Friday, February 19, 2010

Top Ten Cities for Real Estate Steals - Saint Louis nowhere on top 10 list

 U.S. News turned to Moody's Economy.com. The economics firm provided average and quarterly price-to-income data for each of the nation's 384 distinct metropolitan statistical areas. By comparing the most recent figures with longer-term averages, they were able to compile a list of 10 cities for real estate steals.

1. Memphis: Higher home values pushed the price-to-income ratio in Memphis to nearly 5 in the first quarter of 2006--sharply above its 2.13 average for the 15 years ending in 2003.


2. Salinas, Calif.:  homes in Salinas are expected to become even cheaper this year as foreclosures exert additional downward pressure on prices

3. Medford, Ore.:  Because its timber industry is crucial to the local economy--wood-processing jobs represent at least a quarter of all manufacturing positions--the collapse of the new-home building market triggered higher unemployment in the area.

4. Washington:  the price-to-income ratio of the Washington area fell to 1.12 through the third quarter of 2009.

5. Mobile, Ala.:\ home prices in Mobile, Ala., have dropped about 7 percent in recent years.

6. Las Cruces, N.M.: The housing market in Las Cruces, N.M., has become increasingly undervalued in recent years when compared with historical averages.

7. Fayetteville, N.C.: The housing market in the military town of Fayetteville, N.C., avoided wild price swings that devastated other parts of the country. Rather than surging, home prices remained largely flat for most of the previous decade. Today, house prices in Fayetteville remain undervalued when compared with longer-term averages.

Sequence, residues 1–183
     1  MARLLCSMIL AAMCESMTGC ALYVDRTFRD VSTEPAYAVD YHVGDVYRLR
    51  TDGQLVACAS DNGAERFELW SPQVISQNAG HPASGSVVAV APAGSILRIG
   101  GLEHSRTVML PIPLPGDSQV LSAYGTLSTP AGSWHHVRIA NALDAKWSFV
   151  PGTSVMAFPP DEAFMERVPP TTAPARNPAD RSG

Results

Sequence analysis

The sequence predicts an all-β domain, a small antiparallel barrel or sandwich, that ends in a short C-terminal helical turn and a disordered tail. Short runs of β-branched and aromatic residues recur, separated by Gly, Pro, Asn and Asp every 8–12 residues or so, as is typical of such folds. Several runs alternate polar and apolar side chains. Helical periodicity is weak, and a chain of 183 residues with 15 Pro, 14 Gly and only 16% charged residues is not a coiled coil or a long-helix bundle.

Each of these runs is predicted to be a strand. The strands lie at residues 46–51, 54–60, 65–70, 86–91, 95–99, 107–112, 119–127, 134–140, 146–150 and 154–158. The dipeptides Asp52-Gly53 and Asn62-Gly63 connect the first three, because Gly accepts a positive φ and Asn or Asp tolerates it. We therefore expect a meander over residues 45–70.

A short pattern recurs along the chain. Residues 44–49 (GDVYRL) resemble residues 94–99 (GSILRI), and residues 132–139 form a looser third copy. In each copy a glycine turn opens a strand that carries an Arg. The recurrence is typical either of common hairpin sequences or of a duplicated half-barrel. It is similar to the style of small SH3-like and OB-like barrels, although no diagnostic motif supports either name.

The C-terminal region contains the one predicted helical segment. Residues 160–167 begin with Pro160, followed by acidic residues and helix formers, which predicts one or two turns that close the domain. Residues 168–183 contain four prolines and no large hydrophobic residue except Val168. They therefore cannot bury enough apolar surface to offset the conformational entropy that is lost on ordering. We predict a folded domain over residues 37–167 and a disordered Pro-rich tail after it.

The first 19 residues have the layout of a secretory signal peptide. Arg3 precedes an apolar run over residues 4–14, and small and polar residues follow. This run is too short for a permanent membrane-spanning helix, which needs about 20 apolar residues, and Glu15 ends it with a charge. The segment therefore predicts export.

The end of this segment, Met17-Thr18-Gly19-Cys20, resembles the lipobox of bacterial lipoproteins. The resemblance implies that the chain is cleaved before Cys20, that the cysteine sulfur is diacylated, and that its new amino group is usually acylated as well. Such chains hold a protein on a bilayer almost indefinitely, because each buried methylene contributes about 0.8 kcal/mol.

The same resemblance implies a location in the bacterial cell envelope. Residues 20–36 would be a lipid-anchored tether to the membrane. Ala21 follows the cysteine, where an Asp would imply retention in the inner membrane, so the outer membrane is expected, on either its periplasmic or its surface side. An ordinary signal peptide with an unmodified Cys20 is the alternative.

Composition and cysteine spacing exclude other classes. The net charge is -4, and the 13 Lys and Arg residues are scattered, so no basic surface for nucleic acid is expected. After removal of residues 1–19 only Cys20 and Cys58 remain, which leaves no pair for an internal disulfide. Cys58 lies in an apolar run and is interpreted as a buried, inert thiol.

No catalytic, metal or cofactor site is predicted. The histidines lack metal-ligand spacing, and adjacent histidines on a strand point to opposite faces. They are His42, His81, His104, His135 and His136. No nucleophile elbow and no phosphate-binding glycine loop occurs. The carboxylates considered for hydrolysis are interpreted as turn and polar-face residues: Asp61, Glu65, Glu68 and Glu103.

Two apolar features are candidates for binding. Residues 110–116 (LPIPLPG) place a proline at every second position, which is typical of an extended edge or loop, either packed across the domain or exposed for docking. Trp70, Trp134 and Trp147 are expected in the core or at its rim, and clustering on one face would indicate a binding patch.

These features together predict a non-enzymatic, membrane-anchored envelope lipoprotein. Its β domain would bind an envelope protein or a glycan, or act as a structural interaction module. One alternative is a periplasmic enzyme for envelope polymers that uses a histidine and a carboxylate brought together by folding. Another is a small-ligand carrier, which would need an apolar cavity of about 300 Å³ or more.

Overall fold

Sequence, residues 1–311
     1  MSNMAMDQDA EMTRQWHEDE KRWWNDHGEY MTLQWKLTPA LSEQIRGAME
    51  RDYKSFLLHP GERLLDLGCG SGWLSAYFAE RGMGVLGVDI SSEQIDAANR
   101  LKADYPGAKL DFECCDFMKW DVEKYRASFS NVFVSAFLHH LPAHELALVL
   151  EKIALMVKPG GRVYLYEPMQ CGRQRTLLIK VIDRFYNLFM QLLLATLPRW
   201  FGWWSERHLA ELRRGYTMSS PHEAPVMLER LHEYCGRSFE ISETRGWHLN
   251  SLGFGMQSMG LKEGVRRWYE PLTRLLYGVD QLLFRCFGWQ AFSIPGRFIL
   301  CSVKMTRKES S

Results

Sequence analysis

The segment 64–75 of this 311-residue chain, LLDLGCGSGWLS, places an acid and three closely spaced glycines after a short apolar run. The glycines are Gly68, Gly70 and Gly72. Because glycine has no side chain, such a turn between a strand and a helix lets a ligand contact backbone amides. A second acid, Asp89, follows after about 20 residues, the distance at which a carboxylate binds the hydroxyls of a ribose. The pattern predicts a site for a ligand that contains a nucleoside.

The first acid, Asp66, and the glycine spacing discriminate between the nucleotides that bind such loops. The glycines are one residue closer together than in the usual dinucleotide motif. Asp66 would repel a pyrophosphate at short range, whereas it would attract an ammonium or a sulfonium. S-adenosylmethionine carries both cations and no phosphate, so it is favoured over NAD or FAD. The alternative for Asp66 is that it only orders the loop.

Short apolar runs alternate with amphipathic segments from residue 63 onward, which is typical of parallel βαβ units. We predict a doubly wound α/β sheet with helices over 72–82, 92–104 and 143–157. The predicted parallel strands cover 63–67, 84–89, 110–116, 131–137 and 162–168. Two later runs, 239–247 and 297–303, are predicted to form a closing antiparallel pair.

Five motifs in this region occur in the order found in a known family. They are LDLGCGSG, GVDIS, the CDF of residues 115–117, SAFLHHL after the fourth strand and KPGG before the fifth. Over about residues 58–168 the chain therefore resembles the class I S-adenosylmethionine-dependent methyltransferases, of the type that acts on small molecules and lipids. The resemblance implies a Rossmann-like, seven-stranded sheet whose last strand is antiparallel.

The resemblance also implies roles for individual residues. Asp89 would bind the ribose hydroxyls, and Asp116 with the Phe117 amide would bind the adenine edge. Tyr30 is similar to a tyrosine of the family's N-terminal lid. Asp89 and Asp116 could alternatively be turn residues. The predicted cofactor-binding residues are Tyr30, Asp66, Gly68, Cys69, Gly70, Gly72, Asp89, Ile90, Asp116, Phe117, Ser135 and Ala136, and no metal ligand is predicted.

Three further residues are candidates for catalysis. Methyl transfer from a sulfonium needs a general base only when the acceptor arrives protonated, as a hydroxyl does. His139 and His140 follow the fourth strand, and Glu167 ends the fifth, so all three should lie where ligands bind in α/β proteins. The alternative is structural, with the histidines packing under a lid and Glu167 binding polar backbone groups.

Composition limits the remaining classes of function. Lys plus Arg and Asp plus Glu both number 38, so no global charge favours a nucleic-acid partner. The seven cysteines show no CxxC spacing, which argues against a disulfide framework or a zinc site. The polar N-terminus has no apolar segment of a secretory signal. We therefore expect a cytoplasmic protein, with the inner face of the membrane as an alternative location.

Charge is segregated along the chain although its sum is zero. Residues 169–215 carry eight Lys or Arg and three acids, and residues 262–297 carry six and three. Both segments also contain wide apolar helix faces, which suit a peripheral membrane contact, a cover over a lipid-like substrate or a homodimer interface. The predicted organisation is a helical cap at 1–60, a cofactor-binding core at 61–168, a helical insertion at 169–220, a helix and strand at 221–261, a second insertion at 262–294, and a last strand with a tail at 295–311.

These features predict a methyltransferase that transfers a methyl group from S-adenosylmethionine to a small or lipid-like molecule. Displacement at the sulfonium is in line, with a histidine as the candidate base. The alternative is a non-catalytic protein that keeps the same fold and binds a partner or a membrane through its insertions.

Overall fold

8. Phoenix: After jumping more than 85 percent from 2002 to 2006, home prices in the Phoenix area have crashed by 52 percent in recent years.

9. Fort Worth/Arlington, Texas: In recent years, home prices in the Fort Worthand Arlington, Texas, area have also grown increasingly undervalued when compared with longer-term averages. The area's price-to-income ratio fell from 3.95 in the fourth quarter of 2005 to 1.89 through the third quarter of 2009.

10. Cincinnati: Home prices in Cincinnati have remained relatively affordable throughout the nation's recent boom-and-bust cycle.
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